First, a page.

Manhattan District Attorney Cyrus Vance Jr. (Rick Kopstein/NYLJ)
Amid harsh criticism over his decision to drop investigations against members of the Trump family and Hollywood mogul Harvey Weinstein, Manhattan District Attorney Cyrus Vance Jr. has said that he and his office may “rethink” accepting campaign donations from criminal defense attorneys.
Within the span of a week, news reports revealed that Vance had dropped separate investigations into sexual assault claims against Weinstein and fraud accusations against Ivanka Trump and Donald Trump Jr., and that at some point attorneys for the targets of the investigations had donated funds to Vance’s campaign committee.
Meeting with a press scrum on Wednesday at John Jay College in Manhattan, where he was speaking at a conference, Vance said the practice of DAs taking donations from defense attorneys whose clients are being prosecuted be their offices is legal, but said that doesn’t mean the practice shouldn’t be questioned.
“It’s absolutely legal but it doesn’t mean that it shouldn’t be reexamined office by office,” Vance said, according to transcript of the interview provided by his office. He also denied allegations of a quid pro quo with attorneys representing the Trumps and Weinstein and that contributions have never had the “slightest impact” on the way he handles cases.
Vance was first elected in 2009 and is running with no opponents on the ballot for a third term.
In 2012, Marc Kasowitz of Kasowitz Benson Torres, a longtime attorney for the Trump family, gave $25,000 to Vance’s re-election campaign, but Vance later returned the donation.
The Trump siblings were being investigated on allegations that they used misleading statements to attract prospective buyers to the Trump SoHo hotel.
After the investigation was dropped, in 2012, Kasowitz made another $32,000 donation to Vance, but Vance returned the donation last week.
In the matter of Weinstein, in 2015, Vance’s office investigated allegations that he sexually assaulted Italian model Ambra Battilana Gutierrez. Recently revealed audio of a conversation between Weinstein and Gutierrez appeared to portray her questioning why he had groped her breasts and Weinstein attempting to coax Gutierrez into his hotel room.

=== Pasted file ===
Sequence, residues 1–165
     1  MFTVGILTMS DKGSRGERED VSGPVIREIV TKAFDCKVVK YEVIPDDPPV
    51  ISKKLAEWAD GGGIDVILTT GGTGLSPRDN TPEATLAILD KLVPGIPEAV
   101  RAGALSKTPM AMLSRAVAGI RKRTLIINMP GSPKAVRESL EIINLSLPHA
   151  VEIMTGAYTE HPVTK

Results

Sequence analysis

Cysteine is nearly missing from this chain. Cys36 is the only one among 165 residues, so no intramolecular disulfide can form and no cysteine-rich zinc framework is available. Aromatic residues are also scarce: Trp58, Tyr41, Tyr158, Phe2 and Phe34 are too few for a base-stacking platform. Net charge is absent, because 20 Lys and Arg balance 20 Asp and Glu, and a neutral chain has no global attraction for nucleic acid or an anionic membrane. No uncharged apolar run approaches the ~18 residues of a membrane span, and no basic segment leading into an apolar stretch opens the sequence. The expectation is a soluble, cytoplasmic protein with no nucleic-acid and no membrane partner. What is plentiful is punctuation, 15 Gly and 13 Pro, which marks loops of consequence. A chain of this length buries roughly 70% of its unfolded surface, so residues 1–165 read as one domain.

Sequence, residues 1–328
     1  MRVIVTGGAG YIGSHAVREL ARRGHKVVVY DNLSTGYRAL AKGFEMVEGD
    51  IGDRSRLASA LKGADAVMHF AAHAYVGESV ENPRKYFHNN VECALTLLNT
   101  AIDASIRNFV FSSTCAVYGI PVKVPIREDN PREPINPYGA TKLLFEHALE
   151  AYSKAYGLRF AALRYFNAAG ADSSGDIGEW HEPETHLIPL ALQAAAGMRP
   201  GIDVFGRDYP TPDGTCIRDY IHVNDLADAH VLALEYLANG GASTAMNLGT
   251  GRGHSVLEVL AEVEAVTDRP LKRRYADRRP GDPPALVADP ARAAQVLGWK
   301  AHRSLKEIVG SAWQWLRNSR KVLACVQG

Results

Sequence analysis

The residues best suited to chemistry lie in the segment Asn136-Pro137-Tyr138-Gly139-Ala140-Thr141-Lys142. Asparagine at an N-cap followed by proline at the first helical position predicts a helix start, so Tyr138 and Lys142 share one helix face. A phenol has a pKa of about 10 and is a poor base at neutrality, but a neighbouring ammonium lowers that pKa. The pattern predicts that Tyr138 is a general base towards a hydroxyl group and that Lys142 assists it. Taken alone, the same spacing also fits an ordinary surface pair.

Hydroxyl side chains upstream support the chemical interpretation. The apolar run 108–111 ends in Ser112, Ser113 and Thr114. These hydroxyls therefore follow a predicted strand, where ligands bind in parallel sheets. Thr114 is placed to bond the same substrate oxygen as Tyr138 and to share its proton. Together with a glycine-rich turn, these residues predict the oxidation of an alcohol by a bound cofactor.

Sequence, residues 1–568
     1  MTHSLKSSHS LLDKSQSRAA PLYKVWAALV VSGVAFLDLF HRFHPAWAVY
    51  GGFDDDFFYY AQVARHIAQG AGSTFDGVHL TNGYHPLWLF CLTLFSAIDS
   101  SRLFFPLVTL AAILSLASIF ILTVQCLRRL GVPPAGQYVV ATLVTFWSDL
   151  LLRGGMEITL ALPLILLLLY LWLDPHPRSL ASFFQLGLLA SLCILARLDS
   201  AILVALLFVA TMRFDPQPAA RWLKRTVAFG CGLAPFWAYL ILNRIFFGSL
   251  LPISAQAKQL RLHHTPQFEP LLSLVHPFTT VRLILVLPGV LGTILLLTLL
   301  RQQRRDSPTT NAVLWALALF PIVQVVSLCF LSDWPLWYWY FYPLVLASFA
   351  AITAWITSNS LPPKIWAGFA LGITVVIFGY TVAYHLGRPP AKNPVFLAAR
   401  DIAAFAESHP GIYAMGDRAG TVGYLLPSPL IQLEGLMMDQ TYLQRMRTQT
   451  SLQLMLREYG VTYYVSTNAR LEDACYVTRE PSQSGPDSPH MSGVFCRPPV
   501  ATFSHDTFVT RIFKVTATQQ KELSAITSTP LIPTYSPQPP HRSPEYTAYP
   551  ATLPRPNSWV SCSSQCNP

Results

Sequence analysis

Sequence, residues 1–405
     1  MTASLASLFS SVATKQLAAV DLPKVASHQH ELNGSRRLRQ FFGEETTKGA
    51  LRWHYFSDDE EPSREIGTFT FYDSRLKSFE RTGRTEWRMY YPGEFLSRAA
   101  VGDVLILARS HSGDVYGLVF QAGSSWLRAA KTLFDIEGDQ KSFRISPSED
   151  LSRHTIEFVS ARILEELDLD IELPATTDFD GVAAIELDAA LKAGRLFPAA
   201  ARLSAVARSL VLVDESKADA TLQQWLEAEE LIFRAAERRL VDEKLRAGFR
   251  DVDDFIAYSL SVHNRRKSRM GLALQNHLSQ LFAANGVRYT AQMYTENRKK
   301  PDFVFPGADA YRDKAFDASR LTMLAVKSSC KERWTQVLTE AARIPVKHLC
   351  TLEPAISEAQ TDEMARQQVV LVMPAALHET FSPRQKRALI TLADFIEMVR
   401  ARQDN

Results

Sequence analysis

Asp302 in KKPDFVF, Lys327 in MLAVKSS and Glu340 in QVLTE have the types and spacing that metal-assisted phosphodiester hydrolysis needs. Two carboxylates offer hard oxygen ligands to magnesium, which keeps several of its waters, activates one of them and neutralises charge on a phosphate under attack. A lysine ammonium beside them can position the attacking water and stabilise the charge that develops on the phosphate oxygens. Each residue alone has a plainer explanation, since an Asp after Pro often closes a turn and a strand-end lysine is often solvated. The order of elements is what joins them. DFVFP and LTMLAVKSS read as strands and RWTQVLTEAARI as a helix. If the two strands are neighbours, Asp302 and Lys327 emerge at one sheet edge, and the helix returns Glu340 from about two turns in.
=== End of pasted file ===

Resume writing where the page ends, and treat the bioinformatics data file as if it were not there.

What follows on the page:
Vance said Wednesday, though, that his office determined it was not going to be a “provable” case.
New York City Police Det. Sophia Mason said in an email that, while there are no pending complaints against Weinstein, the department is conducting a review to determine if there are any additional complaints.
In August 2015, after the investigation was dropped, David Boies of Boies Schiller Flexner made a $10,000 donation to Vance’s campaign. But a spokesman for Boies Schiller said that Boies has represented Weinstein and his company in civil matters and never represented Weinstein in a criminal investigation.
“Neither David, nor anyone in his office, ever spoke to anyone in Mr. Vance’s office about Harvey Weinstein,” the statement reads.
Regardless of their stated positions, taking campaign cash often raises questions of loyalty for any candidate or elected officials, depending on who the donors are.
In one recent example, earlier this year, acting Brooklyn District Attorney Eric Gonzalez, who won the Democratic nomination for Brooklyn DA in September and who is unopposed in the general election, returned $7,500 that his campaign received from the bail bond industry after critics questioned how he would approach the issue of bail reform once in office.
Marc Fliedner, a former Brooklyn prosecutor who lost to Gonzalez in the primary, said Wednesday that he is running against Vance as a write-in candidate.
Rebecca Roiphe, a New York Law School professor and a former Manhattan prosecutor, said that regardless of whether a prosecutor’s approach to a case is influenced by campaign cash, they should be concerned about giving any appearance of impropriety, which can be affected by their timing in meeting with donors.
With regard to Vance’s handling of the investigation of the Trumps, Roiphe said, the sequence of events surrounding the decision to drop the investigation “looks so bad,” and said that Vance likely knew that it looked bad or “otherwise he wouldn’t have returned the money.”
“The worst thing that could possibly happen to the criminal justice system is that it could be bought and sold and that’s what’s at stake here, in my mind,” Roiphe said.
Following the revelations about the investigation into the Trump siblings, Assemblyman Dan Quart, a Democrat who represents the Upper East Side and Midtown East portions of Manhattan, sent a letter to Attorney General Eric Schneiderman calling on him to investigate Vance’s conduct.
In an interview, Quart, who has practiced law in Manhattan for about 19 years and who serves on the borough’s 18B panel, which provides representation to indigent defendants, said he also sees a pattern of poor defendants having their “lives ruined” by Manhattan prosecutors while the well-heeled are allowed to walk.
“There is a different track of justice for the wealthy and well-connected in Manhattan,” Quart said.